I was in my early twenties before I had a go at abseiling. Honestly, up till then, it seemed like utter foolishness. And on the first occasion as I straddled the top of the rock-face and my ‘motivator’ encouraged me to lean back and push off, I knew it was utter foolishness. However, with fellow youth pastors looking on, most providing encouragement while one or two uttered disparaging words, I did exactly what I was told, even though it seemed counterintuitive to do so – and it worked. Before I realised what was happening, I was into a rhythm and I had descended with a sense of exhilaration. I enjoyed many years of abseiling after that. Doing what seemed to be foolish actually was wise in the circumstances and I got to enjoy the freedom of resting in the harness and pushing off into nothing. Its similar with what Paul describes in our reading today. In fact, Paul literally writes “don’t be fooled (the word means deluded) … you need to become a fool in order to become wise” (vs 18). Paul is calling the believers in Corinth to recognise that the wisdom of the world requires them to trust in themselves and the wisdom of others rather than trusting in the ‘apparent’ foolishness displayed in the events of the cross.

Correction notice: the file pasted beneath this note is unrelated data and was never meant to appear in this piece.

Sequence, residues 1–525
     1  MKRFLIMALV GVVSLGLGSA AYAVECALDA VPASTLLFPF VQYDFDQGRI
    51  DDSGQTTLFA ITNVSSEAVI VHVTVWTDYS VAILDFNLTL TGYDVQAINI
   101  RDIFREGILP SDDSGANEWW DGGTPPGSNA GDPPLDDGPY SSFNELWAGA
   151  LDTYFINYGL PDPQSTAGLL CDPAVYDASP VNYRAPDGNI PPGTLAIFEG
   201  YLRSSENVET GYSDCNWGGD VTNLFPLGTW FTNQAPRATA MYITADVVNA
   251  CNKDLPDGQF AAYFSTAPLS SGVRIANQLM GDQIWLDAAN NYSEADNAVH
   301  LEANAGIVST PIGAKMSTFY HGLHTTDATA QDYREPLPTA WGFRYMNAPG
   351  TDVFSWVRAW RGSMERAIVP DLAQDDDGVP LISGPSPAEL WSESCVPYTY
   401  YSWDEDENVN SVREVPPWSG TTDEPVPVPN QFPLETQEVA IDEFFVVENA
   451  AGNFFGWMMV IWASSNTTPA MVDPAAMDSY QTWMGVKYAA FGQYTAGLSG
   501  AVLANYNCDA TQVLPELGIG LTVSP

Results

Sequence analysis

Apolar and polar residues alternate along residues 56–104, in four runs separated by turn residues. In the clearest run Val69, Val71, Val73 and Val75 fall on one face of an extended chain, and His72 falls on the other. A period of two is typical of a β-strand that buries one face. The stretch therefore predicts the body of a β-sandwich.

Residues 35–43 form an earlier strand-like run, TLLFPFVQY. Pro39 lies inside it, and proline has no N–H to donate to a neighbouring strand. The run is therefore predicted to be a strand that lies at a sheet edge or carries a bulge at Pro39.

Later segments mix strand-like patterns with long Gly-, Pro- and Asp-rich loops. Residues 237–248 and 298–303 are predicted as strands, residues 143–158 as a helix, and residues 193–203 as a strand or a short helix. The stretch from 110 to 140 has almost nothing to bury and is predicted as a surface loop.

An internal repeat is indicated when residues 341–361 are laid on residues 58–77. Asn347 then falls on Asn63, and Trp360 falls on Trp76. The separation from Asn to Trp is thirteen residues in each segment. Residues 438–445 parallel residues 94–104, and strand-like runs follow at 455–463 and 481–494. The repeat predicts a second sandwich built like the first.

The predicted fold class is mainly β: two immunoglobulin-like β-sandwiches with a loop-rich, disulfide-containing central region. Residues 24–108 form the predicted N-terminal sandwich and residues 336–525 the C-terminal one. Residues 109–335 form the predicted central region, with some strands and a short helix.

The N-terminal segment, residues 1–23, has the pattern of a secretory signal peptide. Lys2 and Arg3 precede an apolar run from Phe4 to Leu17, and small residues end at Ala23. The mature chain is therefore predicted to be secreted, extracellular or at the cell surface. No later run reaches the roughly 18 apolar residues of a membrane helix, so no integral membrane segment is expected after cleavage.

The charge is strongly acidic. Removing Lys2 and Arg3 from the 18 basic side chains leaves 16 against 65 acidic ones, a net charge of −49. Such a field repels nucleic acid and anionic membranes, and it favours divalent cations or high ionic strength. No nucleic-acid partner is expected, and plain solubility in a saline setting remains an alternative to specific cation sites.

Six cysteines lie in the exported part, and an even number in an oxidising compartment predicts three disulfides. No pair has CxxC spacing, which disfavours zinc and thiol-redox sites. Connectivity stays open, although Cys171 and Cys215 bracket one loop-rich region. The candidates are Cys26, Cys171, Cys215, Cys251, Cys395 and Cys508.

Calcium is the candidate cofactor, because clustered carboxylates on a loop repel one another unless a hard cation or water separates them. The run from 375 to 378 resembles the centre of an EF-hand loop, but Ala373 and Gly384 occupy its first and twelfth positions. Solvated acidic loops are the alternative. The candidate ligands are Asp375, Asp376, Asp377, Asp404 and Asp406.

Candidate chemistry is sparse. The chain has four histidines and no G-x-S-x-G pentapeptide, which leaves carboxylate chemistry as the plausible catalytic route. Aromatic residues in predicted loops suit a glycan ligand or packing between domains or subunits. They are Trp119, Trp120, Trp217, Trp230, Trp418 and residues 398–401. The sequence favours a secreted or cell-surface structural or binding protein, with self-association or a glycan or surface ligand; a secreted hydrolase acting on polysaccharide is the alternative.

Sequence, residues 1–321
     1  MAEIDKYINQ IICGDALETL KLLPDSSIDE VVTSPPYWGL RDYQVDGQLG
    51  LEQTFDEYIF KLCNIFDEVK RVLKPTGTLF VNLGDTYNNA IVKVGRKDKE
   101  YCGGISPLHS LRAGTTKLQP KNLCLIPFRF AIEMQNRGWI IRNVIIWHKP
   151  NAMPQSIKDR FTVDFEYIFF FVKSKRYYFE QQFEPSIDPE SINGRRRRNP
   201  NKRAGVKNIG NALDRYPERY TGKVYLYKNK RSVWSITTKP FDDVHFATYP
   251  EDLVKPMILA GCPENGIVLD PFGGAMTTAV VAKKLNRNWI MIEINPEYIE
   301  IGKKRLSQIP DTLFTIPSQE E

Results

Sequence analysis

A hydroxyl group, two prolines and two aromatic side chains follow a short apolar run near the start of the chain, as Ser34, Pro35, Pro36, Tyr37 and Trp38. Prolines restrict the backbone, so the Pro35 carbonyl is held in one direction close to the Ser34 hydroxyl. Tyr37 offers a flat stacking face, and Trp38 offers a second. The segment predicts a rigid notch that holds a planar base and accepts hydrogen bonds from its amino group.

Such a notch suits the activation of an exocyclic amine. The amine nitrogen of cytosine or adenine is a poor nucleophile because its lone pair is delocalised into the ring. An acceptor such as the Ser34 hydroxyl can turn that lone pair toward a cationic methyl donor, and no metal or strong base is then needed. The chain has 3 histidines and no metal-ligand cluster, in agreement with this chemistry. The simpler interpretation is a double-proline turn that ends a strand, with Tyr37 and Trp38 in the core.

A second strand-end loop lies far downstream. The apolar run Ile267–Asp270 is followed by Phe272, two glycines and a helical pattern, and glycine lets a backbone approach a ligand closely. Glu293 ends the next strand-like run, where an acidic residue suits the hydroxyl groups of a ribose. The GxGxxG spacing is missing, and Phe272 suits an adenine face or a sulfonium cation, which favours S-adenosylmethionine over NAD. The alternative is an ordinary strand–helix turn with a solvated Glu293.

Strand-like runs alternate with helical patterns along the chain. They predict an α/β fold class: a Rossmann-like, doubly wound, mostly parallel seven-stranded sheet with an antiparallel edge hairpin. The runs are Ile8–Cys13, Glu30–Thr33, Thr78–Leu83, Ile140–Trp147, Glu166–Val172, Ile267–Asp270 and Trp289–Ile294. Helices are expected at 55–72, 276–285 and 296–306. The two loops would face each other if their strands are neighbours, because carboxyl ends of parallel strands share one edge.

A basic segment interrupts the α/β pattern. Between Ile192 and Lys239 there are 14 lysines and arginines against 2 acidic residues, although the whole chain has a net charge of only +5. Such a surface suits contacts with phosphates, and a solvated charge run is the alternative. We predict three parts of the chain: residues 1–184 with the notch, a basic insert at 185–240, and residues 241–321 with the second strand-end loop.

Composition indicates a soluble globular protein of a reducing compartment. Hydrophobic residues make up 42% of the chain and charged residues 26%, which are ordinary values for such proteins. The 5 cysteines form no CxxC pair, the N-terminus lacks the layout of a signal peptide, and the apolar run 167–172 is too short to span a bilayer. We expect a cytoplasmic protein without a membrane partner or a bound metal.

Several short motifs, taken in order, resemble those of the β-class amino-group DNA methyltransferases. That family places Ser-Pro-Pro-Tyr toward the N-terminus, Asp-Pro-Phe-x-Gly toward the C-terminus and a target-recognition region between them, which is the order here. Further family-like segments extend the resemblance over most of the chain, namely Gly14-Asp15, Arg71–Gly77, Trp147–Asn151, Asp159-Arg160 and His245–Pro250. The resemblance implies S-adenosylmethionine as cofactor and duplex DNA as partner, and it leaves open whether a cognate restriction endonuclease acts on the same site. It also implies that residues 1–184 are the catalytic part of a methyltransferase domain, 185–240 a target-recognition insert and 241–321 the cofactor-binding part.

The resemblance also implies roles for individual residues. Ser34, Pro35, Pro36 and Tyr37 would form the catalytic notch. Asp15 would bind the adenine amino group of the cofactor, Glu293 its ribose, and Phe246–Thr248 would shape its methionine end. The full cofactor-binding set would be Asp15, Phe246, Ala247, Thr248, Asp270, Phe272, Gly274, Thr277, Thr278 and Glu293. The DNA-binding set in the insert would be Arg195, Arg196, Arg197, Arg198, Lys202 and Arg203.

What Paul is emphasising is that the agenda for believers as we live as disciples of Jesus, ought to be imitating Christ; and the Cross of Christ is central to this. We ought to be less interested in the praise of others, less inspired by the wisdom of natural human ability and more passionate about letting Christ guide our thoughts and attitudes and therefore our everyday actions. One person who has written on this passage of scripture has commented “To be foolish in the Corinthian society was tantamount to social suicide” – that is, giving up on what others around us say is important will often mean others will think less of us. That makes it a real challenge for each of us; how are you going in leaning back and pushing off? If you recognise that it is difficult to stay true to the message of the Cross of Christ, think today what it means for you to respond to the words of Paul – “Don’t be fooled, become a fool, in order to be wise”